The Military Commissions Act's Inconsistency with the Geneva Conventions: An Overview

13 Pages Posted: 21 Oct 2011

See all articles by James Graham Stewart

James Graham Stewart

University of British Columbia (UBC), Faculty of Law

Date Written: March 2007


The Military Commissions Act codifies a wide range of provisions that are inconsistent with binding international humanitarian law standards. In spite of the Act's title, these inconsistencies go well beyond the rules and procedures governing the trail of terrorist suspects before military commissions. In addition to violating fundamental fair trial guarantees defined in international humanitarian law, the Act misapplies the Geneva Conventions by adopting a one size fits all approach to the characterization of all counter-terrorist operations, provides for an overly broad definition of unlawful combatant status that effectively deprives terror suspects of applicable law of war protections, repudiates longstanding elementary considerations of humanity contained in common Article 3 and entrenches a detention regime that does not comport with the terms of the Geneva Conventions. These departures from international humanitarian law are reinforced by provisions of the Act that purport to insulate US government personnel and their agents from contrary interpretation and judicial scrutiny. The Act is thus best described as a series of breaches rather than developments of international humanitarian law, and as such, signals a stark departure from the US's historical commitment to the laws of war.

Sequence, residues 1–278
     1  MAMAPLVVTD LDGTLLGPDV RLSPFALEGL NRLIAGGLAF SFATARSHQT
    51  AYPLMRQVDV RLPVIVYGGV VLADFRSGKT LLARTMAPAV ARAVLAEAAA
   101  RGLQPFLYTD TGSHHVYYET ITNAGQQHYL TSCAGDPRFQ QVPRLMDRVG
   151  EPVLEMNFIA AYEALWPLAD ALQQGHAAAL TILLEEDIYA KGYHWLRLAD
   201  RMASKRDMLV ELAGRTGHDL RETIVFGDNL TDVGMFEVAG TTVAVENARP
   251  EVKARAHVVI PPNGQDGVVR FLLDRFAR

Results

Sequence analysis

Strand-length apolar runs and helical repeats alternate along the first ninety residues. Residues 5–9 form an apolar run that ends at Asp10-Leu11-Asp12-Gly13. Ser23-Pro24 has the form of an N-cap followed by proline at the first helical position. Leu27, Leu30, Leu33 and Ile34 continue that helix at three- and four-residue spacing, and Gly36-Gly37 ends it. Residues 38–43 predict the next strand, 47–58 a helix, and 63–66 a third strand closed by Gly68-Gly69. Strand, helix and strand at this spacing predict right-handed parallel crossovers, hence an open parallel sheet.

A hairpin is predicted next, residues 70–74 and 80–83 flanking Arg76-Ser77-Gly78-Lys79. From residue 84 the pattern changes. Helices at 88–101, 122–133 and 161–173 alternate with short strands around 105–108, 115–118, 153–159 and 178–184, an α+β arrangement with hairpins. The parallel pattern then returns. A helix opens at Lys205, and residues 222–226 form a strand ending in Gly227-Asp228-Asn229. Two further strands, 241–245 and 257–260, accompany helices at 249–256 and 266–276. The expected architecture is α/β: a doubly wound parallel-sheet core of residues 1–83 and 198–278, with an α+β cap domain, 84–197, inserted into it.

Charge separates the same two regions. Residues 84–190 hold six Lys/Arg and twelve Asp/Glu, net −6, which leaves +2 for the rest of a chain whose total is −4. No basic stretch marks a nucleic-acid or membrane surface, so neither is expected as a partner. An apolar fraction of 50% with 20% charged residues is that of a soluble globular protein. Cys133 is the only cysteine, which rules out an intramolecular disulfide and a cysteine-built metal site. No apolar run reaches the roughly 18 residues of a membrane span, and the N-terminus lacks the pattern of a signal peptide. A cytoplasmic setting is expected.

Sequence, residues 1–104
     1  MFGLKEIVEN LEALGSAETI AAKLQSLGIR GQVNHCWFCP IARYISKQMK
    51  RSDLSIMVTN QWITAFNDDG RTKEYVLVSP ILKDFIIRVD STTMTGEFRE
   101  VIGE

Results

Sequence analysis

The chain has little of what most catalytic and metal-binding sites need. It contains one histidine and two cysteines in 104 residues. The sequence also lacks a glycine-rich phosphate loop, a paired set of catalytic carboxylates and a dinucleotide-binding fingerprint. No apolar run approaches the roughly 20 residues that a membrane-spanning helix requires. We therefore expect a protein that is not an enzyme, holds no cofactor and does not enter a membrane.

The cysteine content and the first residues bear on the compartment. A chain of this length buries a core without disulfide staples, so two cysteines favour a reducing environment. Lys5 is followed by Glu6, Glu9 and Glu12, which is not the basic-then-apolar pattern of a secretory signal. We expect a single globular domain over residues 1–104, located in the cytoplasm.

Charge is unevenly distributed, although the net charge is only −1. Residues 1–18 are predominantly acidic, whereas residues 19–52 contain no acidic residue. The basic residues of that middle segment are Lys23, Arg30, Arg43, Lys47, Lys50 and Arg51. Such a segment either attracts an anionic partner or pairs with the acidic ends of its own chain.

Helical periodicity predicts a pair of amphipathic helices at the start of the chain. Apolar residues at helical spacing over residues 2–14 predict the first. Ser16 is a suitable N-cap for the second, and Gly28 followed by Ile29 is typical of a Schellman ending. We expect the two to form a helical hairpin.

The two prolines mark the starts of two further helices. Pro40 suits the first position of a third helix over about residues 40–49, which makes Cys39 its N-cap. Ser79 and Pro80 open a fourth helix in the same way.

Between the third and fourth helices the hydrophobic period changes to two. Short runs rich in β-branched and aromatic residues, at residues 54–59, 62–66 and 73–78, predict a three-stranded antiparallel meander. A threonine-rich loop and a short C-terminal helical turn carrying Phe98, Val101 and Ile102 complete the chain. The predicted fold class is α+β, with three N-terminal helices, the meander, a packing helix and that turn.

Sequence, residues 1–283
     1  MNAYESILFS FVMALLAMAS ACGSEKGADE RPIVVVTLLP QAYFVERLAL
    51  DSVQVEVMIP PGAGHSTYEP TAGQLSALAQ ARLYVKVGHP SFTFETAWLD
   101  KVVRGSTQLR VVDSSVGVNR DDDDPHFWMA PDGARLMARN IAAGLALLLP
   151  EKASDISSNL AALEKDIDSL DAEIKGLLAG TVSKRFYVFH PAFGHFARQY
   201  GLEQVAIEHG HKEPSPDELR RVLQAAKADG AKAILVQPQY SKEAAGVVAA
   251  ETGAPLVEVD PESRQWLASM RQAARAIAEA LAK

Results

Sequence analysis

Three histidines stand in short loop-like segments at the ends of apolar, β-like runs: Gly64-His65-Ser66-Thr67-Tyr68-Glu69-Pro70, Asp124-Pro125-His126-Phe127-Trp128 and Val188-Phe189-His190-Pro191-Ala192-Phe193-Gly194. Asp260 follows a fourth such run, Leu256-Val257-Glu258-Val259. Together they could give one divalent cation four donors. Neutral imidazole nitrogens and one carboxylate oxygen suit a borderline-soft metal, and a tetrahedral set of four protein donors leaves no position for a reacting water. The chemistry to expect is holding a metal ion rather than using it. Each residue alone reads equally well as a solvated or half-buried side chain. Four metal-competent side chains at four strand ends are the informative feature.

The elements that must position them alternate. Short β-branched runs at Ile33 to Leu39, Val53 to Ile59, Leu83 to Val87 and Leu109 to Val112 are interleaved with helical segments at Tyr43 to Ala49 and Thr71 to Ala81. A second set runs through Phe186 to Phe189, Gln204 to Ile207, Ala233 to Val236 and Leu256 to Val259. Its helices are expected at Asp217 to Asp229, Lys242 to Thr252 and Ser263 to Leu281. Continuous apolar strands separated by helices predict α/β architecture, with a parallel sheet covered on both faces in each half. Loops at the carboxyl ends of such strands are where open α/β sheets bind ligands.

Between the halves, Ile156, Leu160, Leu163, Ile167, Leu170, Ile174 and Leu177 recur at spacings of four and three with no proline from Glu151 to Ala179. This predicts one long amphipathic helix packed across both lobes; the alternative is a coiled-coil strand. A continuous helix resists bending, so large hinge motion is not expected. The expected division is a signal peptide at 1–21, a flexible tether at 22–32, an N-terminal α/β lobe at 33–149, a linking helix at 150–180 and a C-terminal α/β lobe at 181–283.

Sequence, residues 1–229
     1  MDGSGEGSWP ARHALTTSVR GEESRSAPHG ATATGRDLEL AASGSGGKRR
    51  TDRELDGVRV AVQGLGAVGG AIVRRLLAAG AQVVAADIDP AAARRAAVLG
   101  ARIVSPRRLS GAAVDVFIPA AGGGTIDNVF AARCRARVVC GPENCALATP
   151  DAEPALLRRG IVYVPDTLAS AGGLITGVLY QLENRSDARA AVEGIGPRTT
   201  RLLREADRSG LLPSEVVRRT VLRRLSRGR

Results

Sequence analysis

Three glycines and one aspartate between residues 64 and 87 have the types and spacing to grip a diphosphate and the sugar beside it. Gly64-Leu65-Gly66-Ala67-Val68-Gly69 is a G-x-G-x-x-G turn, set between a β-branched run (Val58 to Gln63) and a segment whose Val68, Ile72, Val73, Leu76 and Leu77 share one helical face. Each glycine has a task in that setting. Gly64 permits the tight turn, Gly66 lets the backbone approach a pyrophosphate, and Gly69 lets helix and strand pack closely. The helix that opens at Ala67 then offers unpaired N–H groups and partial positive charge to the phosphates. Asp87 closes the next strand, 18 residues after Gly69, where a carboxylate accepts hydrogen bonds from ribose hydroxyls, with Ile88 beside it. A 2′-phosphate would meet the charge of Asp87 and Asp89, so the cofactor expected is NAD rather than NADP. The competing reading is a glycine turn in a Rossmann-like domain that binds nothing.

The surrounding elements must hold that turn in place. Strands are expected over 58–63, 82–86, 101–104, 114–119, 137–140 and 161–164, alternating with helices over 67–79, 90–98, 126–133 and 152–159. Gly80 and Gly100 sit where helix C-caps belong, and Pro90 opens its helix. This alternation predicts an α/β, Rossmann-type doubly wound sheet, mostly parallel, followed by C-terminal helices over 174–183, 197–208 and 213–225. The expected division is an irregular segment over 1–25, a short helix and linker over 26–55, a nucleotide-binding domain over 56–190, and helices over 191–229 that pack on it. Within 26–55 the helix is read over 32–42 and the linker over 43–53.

Suggested Citation

Stewart, James Graham, The Military Commissions Act's Inconsistency with the Geneva Conventions: An Overview (March 2007). Journal of International Criminal Justice, Vol. 5, Issue 1, pp. 26-38, 2007, Available at SSRN: or

James Graham Stewart (Contact Author)

University of British Columbia (UBC), Faculty of Law ( email )

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